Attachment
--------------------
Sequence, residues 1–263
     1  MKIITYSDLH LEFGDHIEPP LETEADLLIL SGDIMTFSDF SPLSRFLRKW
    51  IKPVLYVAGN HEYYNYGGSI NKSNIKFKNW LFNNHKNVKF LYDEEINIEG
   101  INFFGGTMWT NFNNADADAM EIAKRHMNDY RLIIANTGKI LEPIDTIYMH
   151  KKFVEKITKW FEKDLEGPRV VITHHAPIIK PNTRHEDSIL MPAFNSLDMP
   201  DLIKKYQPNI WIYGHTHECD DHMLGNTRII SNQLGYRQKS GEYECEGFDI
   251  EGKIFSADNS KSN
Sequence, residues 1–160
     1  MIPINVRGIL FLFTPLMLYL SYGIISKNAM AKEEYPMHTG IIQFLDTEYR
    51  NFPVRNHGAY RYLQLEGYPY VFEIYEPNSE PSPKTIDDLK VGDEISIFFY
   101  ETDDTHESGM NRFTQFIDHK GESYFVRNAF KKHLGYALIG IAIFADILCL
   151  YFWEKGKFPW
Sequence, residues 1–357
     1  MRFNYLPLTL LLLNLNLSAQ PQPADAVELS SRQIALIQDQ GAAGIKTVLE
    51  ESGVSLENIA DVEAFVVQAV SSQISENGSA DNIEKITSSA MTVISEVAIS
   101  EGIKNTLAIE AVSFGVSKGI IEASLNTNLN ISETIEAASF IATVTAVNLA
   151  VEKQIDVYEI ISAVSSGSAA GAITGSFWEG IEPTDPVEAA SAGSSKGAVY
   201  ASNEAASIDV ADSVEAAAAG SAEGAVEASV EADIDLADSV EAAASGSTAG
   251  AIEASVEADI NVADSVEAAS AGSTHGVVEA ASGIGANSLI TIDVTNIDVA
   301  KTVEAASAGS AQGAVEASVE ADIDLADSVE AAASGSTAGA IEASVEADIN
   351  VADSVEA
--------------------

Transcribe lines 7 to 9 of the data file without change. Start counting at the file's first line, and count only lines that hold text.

   251  EGKIFSADNS KSN
Sequence, residues 1–160
     1  MIPINVRGIL FLFTPLMLYL SYGIISKNAM AKEEYPMHTG IIQFLDTEYR